Diese Datenbank enthält über 40.000 Dokumente zu Themen aus den Bereichen Formalerschließung – Inhaltserschließung – Information Retrieval.
© 2015 W. Gödert, TH Köln, Institut für Informationswissenschaft / Powered by litecat, BIS Oldenburg (Stand: 28. April 2022)
1Wolfram, S.: ¬A new kind of science.
Champaign Ill. : Wolfram Media, 2002. XIV, 1197 S.
Abstract: Challenging the traditional mathematical model of scientific description, a scientist proposes a new dynamic computational approach that utilizes simple codes to generate patterns of ultimate complexity. - ; Physics and computer science genius Stephen Wolfram, whose Mathematica computer language launched a multimillion-dollar company, now sets his sights on a more daunting goal: understanding the universe. Wolfram lets the world see his work in A New Kind of Science, a gorgeous, 1,280-page tome more than a decade in the making. With patience, insight, and self-confidence to spare, Wolfram outlines a fundamental new way of modeling complex systems. On the frontier of complexity science since he was a boy, Wolfram is a champion of cellular automata--256 "programs" governed by simple nonmathematical rules. He points out that even the most complex equations fail to accurately model biological systems, but the simplest cellular automata can produce results straight out of nature--tree branches, stream eddies, and leopard spots, for instance. The graphics in A New Kind of Science show striking resemblance to the patterns we see in nature every day. Wolfram wrote the book in a distinct style meant to make it easy to read, even for nontechies; a basic familiarity with logic is helpful but not essential. Readers will find themselves swept away by the elegant simplicity of Wolfram's ideas and the accidental artistry of the cellular automaton models. Whether or not Wolfram's revolution ultimately gives us the keys to the universe, his new science is absolutely awe-inspiring. - ; The long-awaited work from one of the world's most respected scientists presents a series of dramatic discoveries never before made public. Starting from a collection of simple computer experiments - illustrated in the book by striking computer graphics - Wolfram shows how their unexpected results force a whole new way of looking at the operation of our universe. Wolfram uses his approach to tackle a remarkable array of fundamental problems in science - from the origin of the Second Law of thermodynamics, to the development of complexity in biology, the computational limitations of mathematics, the possibility of a truly fundamental theory of physics, and the interplay between free will and determinism. Written with exceptional clarity, and illustrated with nearly 1,000 original pictures, this seminal book allows scientists and non-scientists alike to participate in what promises to be a major intellectual revolution.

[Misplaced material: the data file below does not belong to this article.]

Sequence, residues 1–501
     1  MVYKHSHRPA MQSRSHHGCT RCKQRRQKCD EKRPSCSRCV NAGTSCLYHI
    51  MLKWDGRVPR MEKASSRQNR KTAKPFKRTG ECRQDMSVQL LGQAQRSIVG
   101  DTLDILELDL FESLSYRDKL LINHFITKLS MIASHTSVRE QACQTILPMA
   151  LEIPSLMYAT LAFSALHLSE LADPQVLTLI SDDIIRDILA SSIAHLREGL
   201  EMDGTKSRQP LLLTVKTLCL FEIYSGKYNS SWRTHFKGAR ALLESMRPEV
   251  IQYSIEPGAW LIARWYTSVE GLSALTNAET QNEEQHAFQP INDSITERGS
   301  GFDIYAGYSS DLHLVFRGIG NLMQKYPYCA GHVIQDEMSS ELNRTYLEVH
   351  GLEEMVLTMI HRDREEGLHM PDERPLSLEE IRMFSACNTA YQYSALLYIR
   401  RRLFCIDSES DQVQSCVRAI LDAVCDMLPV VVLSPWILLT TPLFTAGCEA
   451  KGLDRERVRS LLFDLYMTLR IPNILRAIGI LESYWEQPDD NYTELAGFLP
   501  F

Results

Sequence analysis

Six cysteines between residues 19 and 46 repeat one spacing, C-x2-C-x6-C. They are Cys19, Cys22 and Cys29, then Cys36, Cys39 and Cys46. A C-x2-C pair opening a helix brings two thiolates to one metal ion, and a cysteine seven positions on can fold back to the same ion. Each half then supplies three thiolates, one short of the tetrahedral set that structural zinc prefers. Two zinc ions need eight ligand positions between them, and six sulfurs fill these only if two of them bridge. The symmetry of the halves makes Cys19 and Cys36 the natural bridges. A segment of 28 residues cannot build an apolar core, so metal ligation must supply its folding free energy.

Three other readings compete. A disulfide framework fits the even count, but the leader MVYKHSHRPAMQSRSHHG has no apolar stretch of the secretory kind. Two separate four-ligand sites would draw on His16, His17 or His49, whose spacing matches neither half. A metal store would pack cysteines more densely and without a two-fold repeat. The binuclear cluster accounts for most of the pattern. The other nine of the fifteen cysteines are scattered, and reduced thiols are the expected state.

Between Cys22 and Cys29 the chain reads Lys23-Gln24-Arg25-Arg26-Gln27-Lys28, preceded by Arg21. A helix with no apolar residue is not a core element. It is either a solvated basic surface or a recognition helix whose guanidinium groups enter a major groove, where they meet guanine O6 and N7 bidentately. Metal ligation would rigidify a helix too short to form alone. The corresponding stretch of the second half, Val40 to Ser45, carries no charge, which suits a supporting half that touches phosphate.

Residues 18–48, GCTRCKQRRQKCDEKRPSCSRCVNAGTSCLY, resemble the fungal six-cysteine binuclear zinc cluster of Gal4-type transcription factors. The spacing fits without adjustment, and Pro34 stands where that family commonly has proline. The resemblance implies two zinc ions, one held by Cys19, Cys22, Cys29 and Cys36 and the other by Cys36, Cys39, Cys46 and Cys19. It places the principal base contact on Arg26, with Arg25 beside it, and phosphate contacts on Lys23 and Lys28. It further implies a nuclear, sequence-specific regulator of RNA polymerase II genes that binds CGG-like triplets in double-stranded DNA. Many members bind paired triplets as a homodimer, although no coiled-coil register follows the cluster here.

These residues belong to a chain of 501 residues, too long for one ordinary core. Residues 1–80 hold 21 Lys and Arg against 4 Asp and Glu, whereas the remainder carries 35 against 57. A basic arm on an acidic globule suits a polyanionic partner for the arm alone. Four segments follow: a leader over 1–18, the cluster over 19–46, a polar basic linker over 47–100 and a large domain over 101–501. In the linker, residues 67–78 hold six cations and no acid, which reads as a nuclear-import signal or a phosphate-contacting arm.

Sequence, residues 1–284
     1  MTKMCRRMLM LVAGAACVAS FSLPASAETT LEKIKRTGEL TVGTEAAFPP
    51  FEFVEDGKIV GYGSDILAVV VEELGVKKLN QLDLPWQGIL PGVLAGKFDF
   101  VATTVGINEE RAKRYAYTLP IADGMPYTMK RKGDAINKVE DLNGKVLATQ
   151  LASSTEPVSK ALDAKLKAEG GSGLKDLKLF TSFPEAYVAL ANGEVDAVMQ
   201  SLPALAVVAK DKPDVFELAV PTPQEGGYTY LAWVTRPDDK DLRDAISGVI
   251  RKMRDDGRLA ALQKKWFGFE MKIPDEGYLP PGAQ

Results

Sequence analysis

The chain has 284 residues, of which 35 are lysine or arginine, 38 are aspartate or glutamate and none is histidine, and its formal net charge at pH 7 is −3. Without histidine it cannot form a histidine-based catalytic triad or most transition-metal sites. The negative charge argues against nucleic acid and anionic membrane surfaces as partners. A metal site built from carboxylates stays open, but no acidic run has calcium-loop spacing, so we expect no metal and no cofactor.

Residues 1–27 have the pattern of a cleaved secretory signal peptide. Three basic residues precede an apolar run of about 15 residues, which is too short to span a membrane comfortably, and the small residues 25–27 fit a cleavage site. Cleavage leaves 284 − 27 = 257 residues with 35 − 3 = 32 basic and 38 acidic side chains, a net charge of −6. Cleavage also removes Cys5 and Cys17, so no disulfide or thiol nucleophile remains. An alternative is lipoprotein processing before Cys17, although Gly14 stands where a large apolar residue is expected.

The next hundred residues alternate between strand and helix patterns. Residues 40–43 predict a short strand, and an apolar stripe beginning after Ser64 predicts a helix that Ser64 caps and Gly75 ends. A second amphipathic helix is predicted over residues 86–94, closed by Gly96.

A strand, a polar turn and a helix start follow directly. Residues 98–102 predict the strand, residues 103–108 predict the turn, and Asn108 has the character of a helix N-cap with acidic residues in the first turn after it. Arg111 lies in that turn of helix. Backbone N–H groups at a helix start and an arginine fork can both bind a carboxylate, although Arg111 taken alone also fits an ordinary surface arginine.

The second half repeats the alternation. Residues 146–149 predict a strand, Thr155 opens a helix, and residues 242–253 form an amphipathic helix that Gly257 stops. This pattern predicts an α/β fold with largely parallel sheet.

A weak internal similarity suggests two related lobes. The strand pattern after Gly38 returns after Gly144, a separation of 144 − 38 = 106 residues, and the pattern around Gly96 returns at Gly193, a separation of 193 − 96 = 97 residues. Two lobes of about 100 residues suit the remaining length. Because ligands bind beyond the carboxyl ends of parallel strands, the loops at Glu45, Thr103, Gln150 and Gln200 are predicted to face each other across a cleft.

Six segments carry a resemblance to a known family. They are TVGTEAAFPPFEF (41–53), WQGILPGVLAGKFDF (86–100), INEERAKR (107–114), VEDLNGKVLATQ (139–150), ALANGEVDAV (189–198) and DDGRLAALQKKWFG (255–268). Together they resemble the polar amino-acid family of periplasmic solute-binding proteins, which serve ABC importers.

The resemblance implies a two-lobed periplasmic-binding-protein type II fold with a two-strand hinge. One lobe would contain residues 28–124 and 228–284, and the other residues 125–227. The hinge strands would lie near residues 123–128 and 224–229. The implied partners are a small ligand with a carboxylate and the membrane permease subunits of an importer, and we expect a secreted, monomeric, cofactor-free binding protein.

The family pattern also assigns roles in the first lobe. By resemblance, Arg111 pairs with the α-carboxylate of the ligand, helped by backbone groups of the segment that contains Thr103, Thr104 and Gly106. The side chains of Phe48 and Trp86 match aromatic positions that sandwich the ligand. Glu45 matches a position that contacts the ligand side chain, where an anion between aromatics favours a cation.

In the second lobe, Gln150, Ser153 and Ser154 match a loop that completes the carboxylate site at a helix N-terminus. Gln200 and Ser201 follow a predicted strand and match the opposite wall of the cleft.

Anmerkung: Rez. in: c't 2002, H.13, S.234-236 (J. Loviscach)
Wissenschaftsfach: Informatik ; Mathematik ; Wissenschaftstheorie
LCSH: Cellular automata ; Computational complexity
RSWK: Wissenschaftstheorie / Zellularer Automat / Berechnungskomplexität ; Zellularer Automat / Komplexitätstheorie / Naturwissenschaften
BK: 85.20 (Betriebliche Information und Kommunikation) ; 30.20 (Nichtlineare Dynamik) ; 30.02 (Philosophie und Theorie der Naturwissenschaften) ; 54.73 (Computergraphik) ; 31.14 (Zahlentheorie)
GHBS: TVH (DU) ; TUI (FH K) ; TVM (W)
RVK: ST 134 ; CC 3200 ; ST 130 ; SK 130 ; UB 5020
2Chaitin, G.J.: Algorithmic information theory.
Cambridge : Cambridge University Press, 1987. X, 175 S.
(Cambridge tracts in theoretical computer science ; 1)
Abstract: Chaitin, the inventor of algorithmic information theory, presents in this book the strongest possible version of Gödel's incompleteness theorem, using an information theoretic approach based on the size of computer programs. One half of the book is concerned with studying the halting probability of a universal computer if its program is chosen by tossing a coin. The other half is concerned with encoding the halting probability as an algebraic equation in integers, a so-called exponential diophantine equation.
LCSH: Machine theory ; Computational complexity ; LISP (Computer program language)
RSWK: Algorithmus / Informatik ; Gödelscher Unvollständigkeitssatz ; Metamathematik / LISP
BK: 54.10 (Theoretische Informatik) ; 31.02 (Philosophie und Wissenschaftstheorie der Mathematik)
Eppelsheimer: Mat T 1068 / Informationstheorie
GHBS: TVB (E) ; TVI (HA)
RVK: SK 130